For yieldably holding the horn or block 78 in a vertical wheel engaging position, I preferably'emplo'y a compression spring 80. having one end embracing astud 82 on the'block 78, and the other end surround i-ng'astud 83 on the base plate.

Surrounding shaft-75isa coil spring 8 1 that acts as 'a cushion to'iyieldably urge the hub of the block in an uphill direction. l/Vhen the wheel. 'ofa, downcoming car strikes the horn, the horn may move longitudinally ofthe railv against the resistance ofspring 84. and thereby absorb the shock of thegimpactg. 1 y y In Fig. 014,, I have. shown a. construction very similar to that shown in Figs. 12 and 13, and corresponding reference numerals have been used to designate those parts which are similar. I SpringBO is eliminated, howeve gtand inplace of spring 84 is a coilspring 85 having oneendengaging the horn and having the other end fixed to apart of theface. This one spring serves both to'restore the horn to vertical position and'to, providea cushion. I -A projection '86 may be formed on the base plate, of the various structures to grip into the ground and assist in holding the device against motion in a downhill direction.

While several different forms have been illustrated, it will be seen that they are all relatively small lightself-contained structures, suitable for temporary installation and readily portable from one place toan- 1 the rail, a wheel engaging member carried 1 on the said plate and movable into and out of wheel engaging position, and means co acting between the base and the movable member for yieldably urging the wheel engaging member into wheel engagingposition.

2. A wheelblocking device comprising a base plate, means on the base plate for securing it to the rail, a Wheel engaging member carried on the plate'and movable into and out of wheel engaging positions, and means carried by the plate connecting with the wheel engaging member, for yieldably urging the wheel engaging member into wheel engaging position.

3. A wheel blocking device comprising a base plate, means on the base plate for attachingit to a rail, a Wheel engagingmember carried on the base plate having two wheel engagingsurfaces, said wheel engaging member being supported for movement into and out of wheel engaging position, one Wheel engaging surface being shaped to provide a wheel obstructing block, the other surface being shaped to cooperate witha wheel to enable a wheel to force the said member out of wheel engaging position, and means for yieldably urging said member towheel engaging position.

' 4. A wheel blocking device comprising a base, means on thebase for releasably clamping a rail, a wheel engaging member pivotally supported on the base and movable u into and out of blocking position, said member having a blocking face on one side, a cam surface for cooperation with a car wheel on the other side, and means carried on the base for urging the wheel engaging member into wheel engaging position.

5. A portable wheel blocking device in the form of a unitary structure comprising a base, means carried by the base for removably clamping it to a rail, a wheel engaging member movable into and out of wheel engaging position carried on the base and arranged to block wheels of cars coming in one direction and to be forced out of wheel engaging position by cars moving in the supporting member,

ber 'movably carried thereby and movable in two directions from a normal position,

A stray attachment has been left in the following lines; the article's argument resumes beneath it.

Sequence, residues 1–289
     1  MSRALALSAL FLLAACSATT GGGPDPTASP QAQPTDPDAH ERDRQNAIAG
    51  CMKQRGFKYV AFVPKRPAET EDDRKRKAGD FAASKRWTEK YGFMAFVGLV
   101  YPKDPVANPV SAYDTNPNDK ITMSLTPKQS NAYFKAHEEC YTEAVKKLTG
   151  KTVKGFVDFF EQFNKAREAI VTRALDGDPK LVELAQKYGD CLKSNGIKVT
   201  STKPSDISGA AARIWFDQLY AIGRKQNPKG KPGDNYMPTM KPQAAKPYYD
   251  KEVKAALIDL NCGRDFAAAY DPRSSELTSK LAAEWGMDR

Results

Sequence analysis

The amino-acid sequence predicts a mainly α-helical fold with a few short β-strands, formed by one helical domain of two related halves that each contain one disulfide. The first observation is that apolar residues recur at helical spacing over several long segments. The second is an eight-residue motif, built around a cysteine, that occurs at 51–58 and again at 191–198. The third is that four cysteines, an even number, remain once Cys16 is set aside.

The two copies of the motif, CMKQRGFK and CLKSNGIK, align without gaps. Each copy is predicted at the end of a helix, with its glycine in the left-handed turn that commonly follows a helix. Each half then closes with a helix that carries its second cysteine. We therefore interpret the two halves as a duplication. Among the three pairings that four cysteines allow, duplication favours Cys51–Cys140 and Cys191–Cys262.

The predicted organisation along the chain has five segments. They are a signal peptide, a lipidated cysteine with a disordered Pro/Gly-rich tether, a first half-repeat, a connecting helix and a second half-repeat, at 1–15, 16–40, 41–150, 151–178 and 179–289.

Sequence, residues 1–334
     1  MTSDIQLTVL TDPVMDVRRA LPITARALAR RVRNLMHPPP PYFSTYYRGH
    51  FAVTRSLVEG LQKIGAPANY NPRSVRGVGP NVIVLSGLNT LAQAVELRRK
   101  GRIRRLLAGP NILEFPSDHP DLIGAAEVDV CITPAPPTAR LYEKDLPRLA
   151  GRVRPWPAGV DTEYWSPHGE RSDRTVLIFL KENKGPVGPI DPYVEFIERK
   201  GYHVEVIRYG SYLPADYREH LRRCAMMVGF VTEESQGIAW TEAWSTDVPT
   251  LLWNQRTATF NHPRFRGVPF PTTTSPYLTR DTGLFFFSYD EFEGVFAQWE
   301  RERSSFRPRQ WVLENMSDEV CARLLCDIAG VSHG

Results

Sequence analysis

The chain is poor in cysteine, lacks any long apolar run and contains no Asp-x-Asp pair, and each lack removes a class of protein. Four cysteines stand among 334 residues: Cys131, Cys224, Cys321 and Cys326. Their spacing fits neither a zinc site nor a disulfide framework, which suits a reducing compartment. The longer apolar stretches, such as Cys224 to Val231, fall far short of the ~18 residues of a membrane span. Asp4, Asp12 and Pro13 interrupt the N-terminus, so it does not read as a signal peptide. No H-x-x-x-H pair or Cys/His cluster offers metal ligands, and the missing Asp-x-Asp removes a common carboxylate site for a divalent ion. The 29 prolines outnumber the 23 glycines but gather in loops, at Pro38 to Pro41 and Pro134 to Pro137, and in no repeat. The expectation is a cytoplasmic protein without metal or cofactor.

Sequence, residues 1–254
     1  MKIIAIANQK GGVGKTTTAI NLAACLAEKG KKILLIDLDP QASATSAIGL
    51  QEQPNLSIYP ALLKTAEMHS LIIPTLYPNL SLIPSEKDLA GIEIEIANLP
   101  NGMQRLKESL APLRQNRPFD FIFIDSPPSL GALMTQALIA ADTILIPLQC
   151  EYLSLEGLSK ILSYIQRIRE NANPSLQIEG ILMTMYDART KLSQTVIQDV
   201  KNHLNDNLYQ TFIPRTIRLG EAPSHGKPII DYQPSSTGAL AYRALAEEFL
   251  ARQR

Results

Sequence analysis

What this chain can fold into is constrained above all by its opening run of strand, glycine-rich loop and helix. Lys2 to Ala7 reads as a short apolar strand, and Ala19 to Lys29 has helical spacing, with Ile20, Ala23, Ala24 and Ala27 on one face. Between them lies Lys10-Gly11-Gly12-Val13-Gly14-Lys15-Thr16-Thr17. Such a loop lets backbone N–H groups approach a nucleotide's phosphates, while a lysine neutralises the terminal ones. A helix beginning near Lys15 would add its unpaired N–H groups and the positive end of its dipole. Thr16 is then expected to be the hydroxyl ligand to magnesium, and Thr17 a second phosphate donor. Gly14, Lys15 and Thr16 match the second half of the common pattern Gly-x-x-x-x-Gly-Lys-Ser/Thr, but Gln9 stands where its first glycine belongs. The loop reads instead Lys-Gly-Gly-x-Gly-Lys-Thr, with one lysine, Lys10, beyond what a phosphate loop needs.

means for yieldablyurging the wheel engaging member to the normal position, and I,

a manually releasable self-closing latch for preventing movement of said wheel engaging member in one direction and out of normal position, I p

7,, A wheel blocking device comprising a an arm pivota'lly mounted thereon, a wheel engaging block on the arm, means for urgingthe block to a wheel engagingposition, said arm and block being movable'in an uphill or a down:

hill direction out of wheel-engaging posi tion, and a latch for holding the arm against movement in a downhill direction.

8; wheel block-ing'device for use with vehicle rails comprising a base, a wheel engaging member mounted on the base movable into and out of wheel engaging position, means for urging the wheel engaging member to wheel engaging position, one

side of thetwheel engaging member being adapted to be forced out of wheelengaging position by movement ofa wheel thereagainst, the other si'de'of said member being shaped to form a wheel block, and a derailing guifde associated with said wheel engaging means for engaging any car wheels which ride up on the block portion thereof.

9. A wheel block comprising a portable base, rail engaging and clamping means on the ba se,and a wheel engaging and block" ing member carried on the base movableout of wheel obstructing position by the passage ofa wheelin one direction and blocking a wheel moving in'the opposite direction, and means for yieldably maintaining the wheel engaging means in wheel engaging position.

In testimony whereof I aifix my signa-

Referenced by
Citing PatentFiling datePublication dateApplicantTitle
US2660959 *Mar 24, 1950Dec 1, 1953Stickler Jr Charles WAutomatic safety car stop
US6790226May 15, 2001Sep 14, 2004Bard Peripheral Vascular, Inc.Endoluminal prosthesis with support wire
US7060150May 8, 2003Jun 13, 2006Bard Peripheral Vascular, Inc.Methods for making a supported graft
US8617337Feb 8, 2011Dec 31, 2013Bard Peripheral Vascular, Inc.Partial encapsulation of stents
US8617441Feb 17, 2012Dec 31, 2013Bard Peripheral Vascular, Inc.Methods for making an encapsulated stent
US8647458Dec 14, 2012Feb 11, 2014Bard Peripheral Vascular, Inc.Methods for making a supported graft
Classifications
U.S. Classification104/252
International ClassificationB61K7/20, B61K7/00
Cooperative ClassificationB61K7/20
European ClassificationB61K7/20